• An obvious diversity of opinions is useful. Maybe it's male/female. Or maybe it's black/white. Or maybe it's "hard charger" versus "empathetic listener." If you want that and don't want a partner, then work hard at being self-aware and valuing the opinions of other people on your team, especially.
  • And finally, it's easier to get away or even take a sabbatical when there's someone to cover for you. By the way, in these slightly slower times when not as much is happening, this is probably the best time to take that sabbatical for a few months.

If you go this route, here are a few very specific suggestions:

  • See the "stack of plates" analogy above. That's the most important.
  • Make sure that every initiative is headed by a specific partner and not the partners as a group.
  • Have strong legal agreements, where non-participating spouses or common law partners are a party to those agreements. A divorce that an individual partner faces is by far the most common legal jeopardy for a firm.
  • Any partner who owns 20% or more should be paid equally, and no partner should be on a commission structure. All it does is highlight what one or more partners might view as unequal contribution.
  • Absolute trust is essential. That trust erodes when a partner goes behind another partner's back and buys a shit domain for $100k after being overruled (another true story), there's an affair with a team member, stealing, etc. Rebuild that trust immediately through all the hard conversations that follow.

Advantages of Being the Sole Principal

I wish I had stats for this, but it strikes me that most firms do not have multiple partners. Regardless, what are those advantages of going it alone?

  • Since I don't believe that there is any necessary boost to economic performance for firms with multiple partners, I would necessarily conclude that there's actually a financial tax on having them. Turn that around and you can see that a single partner can be more highly compensated. In fact, in our "Principal Compensation Normalization" algorithms, we assume that a single principal will earn between $70k-$155k more if they don't have a partner. And that only accounts for the fixed comp and not what happens when you split profit distributions.
  • Decisions are faster and often carry better calculated risks. With multiple partners, decision making is slower and less remarkable, because the rough edges get knocked off as the issues get masticated to death until they finally emerge with an announcement: "Look, we finally made a decision! And it's not remarkable!" I kid, I kid, but that's what the illustration is meant to communicate.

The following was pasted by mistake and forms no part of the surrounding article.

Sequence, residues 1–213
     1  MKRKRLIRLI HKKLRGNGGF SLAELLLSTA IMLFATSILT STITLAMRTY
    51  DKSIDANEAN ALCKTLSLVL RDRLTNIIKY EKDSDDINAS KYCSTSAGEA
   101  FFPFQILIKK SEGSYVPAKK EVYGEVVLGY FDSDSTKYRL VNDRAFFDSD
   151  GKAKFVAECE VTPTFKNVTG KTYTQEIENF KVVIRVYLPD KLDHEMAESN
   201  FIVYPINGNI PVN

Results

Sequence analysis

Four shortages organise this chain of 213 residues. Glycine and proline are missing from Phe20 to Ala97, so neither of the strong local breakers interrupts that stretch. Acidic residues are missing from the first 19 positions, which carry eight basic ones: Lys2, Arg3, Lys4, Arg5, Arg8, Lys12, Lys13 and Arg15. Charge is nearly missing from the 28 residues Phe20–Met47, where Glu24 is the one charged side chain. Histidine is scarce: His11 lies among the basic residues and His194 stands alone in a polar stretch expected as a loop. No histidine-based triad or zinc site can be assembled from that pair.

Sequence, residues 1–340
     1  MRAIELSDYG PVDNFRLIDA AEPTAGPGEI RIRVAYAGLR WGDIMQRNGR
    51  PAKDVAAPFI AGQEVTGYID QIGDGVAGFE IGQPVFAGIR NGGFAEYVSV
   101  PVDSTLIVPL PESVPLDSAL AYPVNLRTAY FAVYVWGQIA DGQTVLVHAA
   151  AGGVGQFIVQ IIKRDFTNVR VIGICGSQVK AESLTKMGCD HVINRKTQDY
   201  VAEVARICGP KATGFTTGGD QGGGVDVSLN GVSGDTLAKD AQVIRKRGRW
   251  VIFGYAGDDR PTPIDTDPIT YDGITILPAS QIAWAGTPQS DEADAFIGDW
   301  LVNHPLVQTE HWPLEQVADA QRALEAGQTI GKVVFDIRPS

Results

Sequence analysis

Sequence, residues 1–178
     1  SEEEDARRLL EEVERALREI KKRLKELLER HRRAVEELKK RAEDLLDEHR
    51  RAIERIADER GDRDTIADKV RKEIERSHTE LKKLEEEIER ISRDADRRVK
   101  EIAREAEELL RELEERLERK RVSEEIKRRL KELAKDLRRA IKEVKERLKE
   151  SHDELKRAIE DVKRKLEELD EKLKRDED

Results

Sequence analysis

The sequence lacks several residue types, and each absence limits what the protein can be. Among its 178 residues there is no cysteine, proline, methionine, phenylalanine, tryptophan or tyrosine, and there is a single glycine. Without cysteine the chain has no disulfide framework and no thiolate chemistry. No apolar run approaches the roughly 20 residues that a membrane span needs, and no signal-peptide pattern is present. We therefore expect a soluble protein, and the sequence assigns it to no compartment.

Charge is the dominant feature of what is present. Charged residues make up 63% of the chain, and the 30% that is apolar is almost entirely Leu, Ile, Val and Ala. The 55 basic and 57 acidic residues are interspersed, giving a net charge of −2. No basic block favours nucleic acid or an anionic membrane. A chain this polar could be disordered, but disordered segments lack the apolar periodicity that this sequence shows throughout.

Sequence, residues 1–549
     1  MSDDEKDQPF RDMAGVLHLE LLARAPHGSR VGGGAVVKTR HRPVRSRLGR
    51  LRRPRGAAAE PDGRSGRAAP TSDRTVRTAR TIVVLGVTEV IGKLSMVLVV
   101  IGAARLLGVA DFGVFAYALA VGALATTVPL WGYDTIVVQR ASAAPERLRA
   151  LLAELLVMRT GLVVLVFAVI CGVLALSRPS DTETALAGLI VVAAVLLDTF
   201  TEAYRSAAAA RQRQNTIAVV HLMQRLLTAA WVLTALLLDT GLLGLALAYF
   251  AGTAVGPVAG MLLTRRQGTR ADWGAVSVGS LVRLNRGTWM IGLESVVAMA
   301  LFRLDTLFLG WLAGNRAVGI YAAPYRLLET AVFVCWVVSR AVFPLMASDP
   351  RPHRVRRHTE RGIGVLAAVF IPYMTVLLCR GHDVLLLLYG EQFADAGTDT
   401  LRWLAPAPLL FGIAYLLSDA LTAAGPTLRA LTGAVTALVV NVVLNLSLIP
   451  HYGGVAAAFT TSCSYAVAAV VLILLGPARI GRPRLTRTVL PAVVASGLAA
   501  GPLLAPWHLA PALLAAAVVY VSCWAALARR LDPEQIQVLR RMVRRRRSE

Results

• Your key team members feel like there's more opportunity to grow through advancement, because there aren't partners clogging up all the high level seats.
  • Performance issues can be more readily fixed. To me, every partner is a stump in the swamp that needs to be navigated around because they can't be fired. (I'm still working on this empathy thing I keep hearing people talk about.)

Closing Thoughts on Partnership

If you are looking for a business partner, don't, because you'll almost always settle. Let it happen naturally. That's a part of my recent past, even. About six years ago I strongly considered adding a 30% partner with a woman whose business acumen I greatly admired. We did it right, having many discussions that faced all the issues head on. In the end, we didn't pull that trigger but remain friends with mutual respect, and I learned a whole lot about partnership in the process, mainly because she was really good at facilitating those discussions that we needed to have. It came up naturally, we pursued it thoroughly, and then we made the right choice. If I had been determined to add a partner, I would have made the wrong choice.

When I get a little more courageous, I'll pen an article about spouses working together, but for now, here's some bonus content from a few years back: a webinar on how to do good partnership.